• If there was an erroneous MCAS activation, the procedures to stop it is the same as runaway trim. Did they have enough altitude to recover? Did they perform the runaway trim procedure? Did they recognize what was going on?

    To address the whole FO only had 200 hour thing..... Step out of the America-centric view. Total hours doesn't always reflect pilot skill. The FO could have had 2000 hours in a Skyhawk, but only 200 hours in the 737. He would still be inexperienced in the 737( and the airline environment as a whole) despite the total hours. Some of the experience he learned while flying the Skyhawk sure can be transferred to the 737, but that's mostly decision making skills, etc. I know here in the US we now require pilots to get their ATP before becoming an FO at an 121 outfit as the result of the Colgan crash. And I love what it did for improving the QOL and pay at the regionals, but it was more of a knee jerk reaction from the public which Congress placated. The FO in that crash having a commercial pilot license had zero contribution to the crash( she had over 1500 hours anyway as well). The low pay, rest requirements, and the poor QOL the regional airlines offer had a more contributing factor towards the crash than her not having an ATP.
     
  16. TheAppleFairy macrumors 68020

    TheAppleFairy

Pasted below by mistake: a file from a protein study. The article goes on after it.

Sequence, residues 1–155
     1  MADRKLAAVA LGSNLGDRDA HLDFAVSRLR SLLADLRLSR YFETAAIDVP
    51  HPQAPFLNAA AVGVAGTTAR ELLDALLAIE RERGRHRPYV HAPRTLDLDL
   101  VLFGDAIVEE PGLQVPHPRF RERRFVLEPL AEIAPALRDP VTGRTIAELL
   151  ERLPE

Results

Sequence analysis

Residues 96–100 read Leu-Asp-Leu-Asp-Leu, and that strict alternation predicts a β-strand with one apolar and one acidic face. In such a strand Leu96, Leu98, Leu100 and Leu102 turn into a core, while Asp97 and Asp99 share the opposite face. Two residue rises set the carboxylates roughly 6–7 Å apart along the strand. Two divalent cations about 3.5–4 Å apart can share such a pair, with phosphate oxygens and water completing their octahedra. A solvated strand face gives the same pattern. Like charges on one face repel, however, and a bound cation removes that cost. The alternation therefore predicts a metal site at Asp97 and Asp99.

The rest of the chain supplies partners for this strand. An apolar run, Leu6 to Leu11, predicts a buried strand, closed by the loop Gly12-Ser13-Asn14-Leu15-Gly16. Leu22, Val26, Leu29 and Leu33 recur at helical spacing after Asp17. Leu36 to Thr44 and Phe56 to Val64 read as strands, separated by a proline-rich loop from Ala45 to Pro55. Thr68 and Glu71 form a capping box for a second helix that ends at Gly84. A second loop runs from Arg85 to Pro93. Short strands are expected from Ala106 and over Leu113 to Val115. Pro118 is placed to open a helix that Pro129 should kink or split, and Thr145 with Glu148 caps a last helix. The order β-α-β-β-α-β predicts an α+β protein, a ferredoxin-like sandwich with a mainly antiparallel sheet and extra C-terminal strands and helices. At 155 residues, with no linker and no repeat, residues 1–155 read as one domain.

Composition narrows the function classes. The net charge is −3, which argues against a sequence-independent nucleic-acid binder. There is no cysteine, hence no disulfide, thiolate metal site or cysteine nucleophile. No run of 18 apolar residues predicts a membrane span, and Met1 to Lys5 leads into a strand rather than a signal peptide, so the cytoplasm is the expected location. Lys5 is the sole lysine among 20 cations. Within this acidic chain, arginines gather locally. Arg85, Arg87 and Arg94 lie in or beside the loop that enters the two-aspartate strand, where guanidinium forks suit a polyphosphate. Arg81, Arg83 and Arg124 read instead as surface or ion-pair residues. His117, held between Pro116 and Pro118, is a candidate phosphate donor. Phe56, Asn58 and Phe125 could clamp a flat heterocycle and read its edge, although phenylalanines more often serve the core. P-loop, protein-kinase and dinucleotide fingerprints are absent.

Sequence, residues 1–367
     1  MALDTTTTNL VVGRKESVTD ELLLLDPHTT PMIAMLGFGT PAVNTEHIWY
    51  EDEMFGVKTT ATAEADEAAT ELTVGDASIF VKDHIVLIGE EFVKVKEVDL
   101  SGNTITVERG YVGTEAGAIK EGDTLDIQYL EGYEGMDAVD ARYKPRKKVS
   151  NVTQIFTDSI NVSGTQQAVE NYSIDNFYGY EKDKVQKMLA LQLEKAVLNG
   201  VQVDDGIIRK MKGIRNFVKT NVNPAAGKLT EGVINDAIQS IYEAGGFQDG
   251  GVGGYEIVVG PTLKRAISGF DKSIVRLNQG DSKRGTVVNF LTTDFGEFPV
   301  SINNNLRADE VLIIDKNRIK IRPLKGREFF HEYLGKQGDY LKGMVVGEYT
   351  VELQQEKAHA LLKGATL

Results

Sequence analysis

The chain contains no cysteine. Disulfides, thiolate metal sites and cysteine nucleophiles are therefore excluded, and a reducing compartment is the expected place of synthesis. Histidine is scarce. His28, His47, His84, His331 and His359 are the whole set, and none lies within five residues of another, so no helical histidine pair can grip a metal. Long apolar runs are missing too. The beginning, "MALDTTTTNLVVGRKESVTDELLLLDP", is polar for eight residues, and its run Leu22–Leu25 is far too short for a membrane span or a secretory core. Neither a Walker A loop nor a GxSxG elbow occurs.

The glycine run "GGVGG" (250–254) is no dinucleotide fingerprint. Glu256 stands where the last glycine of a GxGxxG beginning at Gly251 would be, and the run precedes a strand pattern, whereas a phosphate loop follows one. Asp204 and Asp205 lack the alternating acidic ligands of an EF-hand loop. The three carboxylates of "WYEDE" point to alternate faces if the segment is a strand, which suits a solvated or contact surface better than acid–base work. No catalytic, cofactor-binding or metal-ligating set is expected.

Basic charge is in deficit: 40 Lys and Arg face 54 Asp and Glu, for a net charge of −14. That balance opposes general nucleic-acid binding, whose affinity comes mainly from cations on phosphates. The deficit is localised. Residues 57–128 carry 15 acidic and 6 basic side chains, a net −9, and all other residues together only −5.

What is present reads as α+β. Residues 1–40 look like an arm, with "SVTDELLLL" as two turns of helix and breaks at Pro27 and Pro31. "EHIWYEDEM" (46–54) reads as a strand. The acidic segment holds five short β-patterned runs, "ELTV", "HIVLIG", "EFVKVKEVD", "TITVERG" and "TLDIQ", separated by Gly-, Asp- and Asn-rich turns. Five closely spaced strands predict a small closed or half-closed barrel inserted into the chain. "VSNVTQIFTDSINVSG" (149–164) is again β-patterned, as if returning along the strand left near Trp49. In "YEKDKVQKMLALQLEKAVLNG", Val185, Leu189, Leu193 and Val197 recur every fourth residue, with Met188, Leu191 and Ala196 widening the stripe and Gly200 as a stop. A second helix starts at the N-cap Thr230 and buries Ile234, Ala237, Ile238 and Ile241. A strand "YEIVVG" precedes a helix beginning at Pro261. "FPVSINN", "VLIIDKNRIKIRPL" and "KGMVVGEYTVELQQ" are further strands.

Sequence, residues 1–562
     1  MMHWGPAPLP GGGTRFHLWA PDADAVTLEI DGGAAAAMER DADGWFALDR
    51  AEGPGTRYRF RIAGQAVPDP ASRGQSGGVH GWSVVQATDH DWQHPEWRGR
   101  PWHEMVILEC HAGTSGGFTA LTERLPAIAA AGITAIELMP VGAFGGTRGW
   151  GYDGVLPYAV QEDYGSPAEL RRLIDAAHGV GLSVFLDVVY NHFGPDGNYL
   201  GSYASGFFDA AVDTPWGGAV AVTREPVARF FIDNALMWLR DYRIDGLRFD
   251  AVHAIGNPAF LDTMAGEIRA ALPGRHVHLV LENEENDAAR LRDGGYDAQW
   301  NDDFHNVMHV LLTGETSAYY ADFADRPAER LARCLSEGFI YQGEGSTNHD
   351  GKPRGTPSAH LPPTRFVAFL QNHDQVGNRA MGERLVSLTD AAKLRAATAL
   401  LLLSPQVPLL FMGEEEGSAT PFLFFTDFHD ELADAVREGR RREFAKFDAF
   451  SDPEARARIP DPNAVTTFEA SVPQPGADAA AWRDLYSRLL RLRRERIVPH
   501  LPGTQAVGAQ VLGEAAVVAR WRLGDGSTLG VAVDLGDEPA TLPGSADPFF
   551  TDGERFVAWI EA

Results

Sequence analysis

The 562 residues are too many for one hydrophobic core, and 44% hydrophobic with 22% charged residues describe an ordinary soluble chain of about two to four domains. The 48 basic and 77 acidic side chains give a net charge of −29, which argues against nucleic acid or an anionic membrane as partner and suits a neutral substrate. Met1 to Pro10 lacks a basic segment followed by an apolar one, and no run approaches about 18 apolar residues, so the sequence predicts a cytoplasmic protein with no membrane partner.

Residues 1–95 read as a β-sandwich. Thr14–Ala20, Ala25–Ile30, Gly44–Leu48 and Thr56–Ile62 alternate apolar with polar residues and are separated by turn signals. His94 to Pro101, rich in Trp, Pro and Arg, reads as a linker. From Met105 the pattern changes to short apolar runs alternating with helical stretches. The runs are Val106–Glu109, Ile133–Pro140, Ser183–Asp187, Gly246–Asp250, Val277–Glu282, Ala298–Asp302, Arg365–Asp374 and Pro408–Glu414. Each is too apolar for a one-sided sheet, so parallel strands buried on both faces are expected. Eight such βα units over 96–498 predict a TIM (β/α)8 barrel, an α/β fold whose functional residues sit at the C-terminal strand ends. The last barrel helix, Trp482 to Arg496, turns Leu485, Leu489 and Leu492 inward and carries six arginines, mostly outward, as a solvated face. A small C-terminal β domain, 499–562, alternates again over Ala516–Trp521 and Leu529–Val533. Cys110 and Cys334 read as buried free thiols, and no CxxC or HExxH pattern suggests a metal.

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    #18
    Always horrible when something like this happens. Very tragic.

    I am flying next month and the first thing I did after seeing info about the crash is checked what aircraft they were using.

    Looks like I am on a 777 then an Airbus A330.
     
  17. cube macrumors P6

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    #19
    It would be very rare to replace a widebody with narrowbodies. Most of the time it is not possible.

    But one could be rerouted.
     
  18. TheAppleFairy macrumors 68020

    TheAppleFairy

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    #20
    Yeah I figured for the flight overseas it wouldn't be a 737, but once I got abroad it could have been a possibility. I'd like to hear more information about what's going on with those aircraft that's for sure.
     
  19. cube macrumors P6

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    #21
    I guess it is a very long trip if you're taking 777+A330. Or you meant A320?
     
  20. TheAppleFairy macrumors 68020

    TheAppleFairy

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    #22
    JFK to Beijing, then to Japan.
     
  21. cube, Mar 11, 2019
    Last edited: Mar 11, 2019

    cube macrumors P6

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  22. baypharm macrumors 65816

    baypharm

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    #24
    Safe travels
     
  23. cube macrumors P6